By citing violations separately, OSHA hopes to create a more accurate picture of the hazards present in the workplace and encourage employers to take steps to address each violation. Much like IBI citation, discouraging “grouping” will result in higher total penalty amounts and more total violations for employers.
OHS professionals need to prepare for these updated enforcement standards by reviewing their current safety and health programs, retraining employees on workplace safety where necessary, and investing in the right tools to make this happen.
Let’s look at a few ways digital field safety inspection software protects workers from harm and workplaces from OSHA liability.
Creating SOPs is essential to ensure that workers perform their tasks correctly and safely. By implementing consistent protocols across individuals, teams, and projects, organizations achieve safer outcomes and better-quality work. Digital field inspection platforms aid managers in crafting customizable checklists for task SOPs. This ensures clarity and consistency across the team. New or inexperienced workers can access step-by-step instructions with multimedia support on their mobile devices, enhancing training. By reducing cognitive workload and providing clear guidance, workers can focus on meeting the best standards while completing their tasks.
Digital platforms tap into employees’ knowledge of daily workplace conditions. They’re more familiar than occasional safety inspectors. User-friendly inspection software allows anyone to report issues via QR codes. This fosters community reporting, effectively making every employee an inspector. Involving workers in identifying and managing safety issues promotes a proactive culture of responsibility where reporting is essential for everyone.
Field inspection platforms supply swift, comprehensive data. It aids managers and teams in addressing safety issues promptly. Performance and issue-tracking dashboards offer data-driven visibility. They identify potential gaps and facilitate efficient tasking of remediation. Managers swiftly create, assign, schedule, and track remediation and follow-up inspections. This ensures timely issue resolution, fostering safety and compliance through collaboration while reducing risk.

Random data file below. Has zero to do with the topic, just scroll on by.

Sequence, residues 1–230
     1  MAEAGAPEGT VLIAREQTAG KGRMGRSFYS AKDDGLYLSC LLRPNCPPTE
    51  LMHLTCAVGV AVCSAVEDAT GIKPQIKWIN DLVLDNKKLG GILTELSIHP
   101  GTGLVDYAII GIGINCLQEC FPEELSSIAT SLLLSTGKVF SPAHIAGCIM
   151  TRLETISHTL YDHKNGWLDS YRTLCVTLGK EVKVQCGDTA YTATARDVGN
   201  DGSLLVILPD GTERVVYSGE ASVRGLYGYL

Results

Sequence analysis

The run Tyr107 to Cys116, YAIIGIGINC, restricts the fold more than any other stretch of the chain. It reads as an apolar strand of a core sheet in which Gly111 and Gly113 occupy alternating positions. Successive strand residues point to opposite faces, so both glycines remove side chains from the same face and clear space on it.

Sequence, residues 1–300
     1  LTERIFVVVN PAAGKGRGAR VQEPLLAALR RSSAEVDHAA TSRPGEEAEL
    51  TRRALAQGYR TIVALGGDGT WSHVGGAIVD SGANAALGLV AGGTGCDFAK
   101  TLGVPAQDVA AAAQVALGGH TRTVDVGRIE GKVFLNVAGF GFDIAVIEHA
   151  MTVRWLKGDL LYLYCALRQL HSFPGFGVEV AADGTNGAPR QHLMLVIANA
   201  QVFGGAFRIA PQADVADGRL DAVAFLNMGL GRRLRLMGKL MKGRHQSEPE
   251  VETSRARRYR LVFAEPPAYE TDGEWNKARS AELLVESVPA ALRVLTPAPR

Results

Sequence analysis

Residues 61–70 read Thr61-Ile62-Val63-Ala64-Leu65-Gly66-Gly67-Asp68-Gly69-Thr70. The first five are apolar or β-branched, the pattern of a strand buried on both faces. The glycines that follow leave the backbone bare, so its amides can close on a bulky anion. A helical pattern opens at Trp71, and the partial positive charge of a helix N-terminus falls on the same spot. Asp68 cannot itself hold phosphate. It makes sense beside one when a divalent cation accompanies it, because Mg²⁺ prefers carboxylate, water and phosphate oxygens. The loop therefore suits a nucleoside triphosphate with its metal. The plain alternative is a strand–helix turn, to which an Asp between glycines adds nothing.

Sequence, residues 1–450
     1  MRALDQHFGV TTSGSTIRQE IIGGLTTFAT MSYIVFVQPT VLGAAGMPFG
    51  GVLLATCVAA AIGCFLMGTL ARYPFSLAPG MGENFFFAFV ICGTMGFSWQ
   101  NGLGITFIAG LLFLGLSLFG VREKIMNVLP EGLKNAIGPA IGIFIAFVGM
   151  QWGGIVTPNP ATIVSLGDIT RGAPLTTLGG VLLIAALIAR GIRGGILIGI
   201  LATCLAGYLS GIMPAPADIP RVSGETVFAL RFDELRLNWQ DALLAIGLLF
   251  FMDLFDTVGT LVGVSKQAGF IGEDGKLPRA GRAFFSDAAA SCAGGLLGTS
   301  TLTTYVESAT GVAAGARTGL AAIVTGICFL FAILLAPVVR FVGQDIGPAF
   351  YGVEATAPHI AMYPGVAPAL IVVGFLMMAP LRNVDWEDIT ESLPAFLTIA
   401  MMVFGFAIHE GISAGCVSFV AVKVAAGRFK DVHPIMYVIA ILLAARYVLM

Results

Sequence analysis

In case of accidents or violations, a digital safety inspection record proves due diligence. It can be shared with OSHA to demonstrate compliance efforts, potentially reducing the risk of severe assessments and fines.
OSHA’s new penalty and citation framework signals the renewed urgency with which the agency is enforcing workplace safety – and should rightfully change how you both view and respond to compliance measures.
Digital inspection management tools make it easy to be OSHA-compliant because they make safety easy. Day in, day out, user-friendly and automated digital platforms guide workers to better, safer work, promote community reporting, and ensure timely remediation of safety issues – all before OSHA even shows up. In other words, a digital field safety inspection platform like Fulcrum is the apple a day that keeps OSHA at bay.
Prepare for the new OSHA penalty and enforcement guidance by signing up for a free trial of Fulcrum’s industry-leading safety inspection platform.